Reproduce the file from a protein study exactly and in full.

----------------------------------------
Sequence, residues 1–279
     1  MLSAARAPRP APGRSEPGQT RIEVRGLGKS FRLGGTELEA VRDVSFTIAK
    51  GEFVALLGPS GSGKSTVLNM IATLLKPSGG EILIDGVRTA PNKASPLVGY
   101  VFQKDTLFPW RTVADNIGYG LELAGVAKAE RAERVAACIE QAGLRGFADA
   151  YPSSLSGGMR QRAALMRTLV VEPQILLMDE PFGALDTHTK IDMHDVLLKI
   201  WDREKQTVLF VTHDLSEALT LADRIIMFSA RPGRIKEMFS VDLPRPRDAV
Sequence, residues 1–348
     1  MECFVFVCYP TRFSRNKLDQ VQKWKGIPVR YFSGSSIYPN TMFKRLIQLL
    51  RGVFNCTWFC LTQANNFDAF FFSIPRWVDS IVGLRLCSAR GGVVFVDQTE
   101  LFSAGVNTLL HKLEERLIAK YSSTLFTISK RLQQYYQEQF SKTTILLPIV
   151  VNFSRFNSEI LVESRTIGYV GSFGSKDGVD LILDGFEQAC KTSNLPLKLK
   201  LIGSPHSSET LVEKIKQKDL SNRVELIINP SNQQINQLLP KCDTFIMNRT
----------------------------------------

Sequence, residues 1–279
     1  MLSAARAPRP APGRSEPGQT RIEVRGLGKS FRLGGTELEA VRDVSFTIAK
    51  GEFVALLGPS GSGKSTVLNM IATLLKPSGG EILIDGVRTA PNKASPLVGY
   101  VFQKDTLFPW RTVADNIGYG LELAGVAKAE RAERVAACIE QAGLRGFADA
   151  YPSSLSGGMR QRAALMRTLV VEPQILLMDE PFGALDTHTK IDMHDVLLKI
   201  WDREKQTVLF VTHDLSEALT LADRIIMFSA RPGRIKEMFS VDLPRPRDAV
Sequence, residues 1–348
     1  MECFVFVCYP TRFSRNKLDQ VQKWKGIPVR YFSGSSIYPN TMFKRLIQLL
    51  RGVFNCTWFC LTQANNFDAF FFSIPRWVDS IVGLRLCSAR GGVVFVDQTE
   101  LFSAGVNTLL HKLEERLIAK YSSTLFTISK RLQQYYQEQF SKTTILLPIV
   151  VNFSRFNSEI LVESRTIGYV GSFGSKDGVD LILDGFEQAC KTSNLPLKLK
   201  LIGSPHSSET LVEKIKQKDL SNRVELIINP SNQQINQLLP KCDTFIMNRT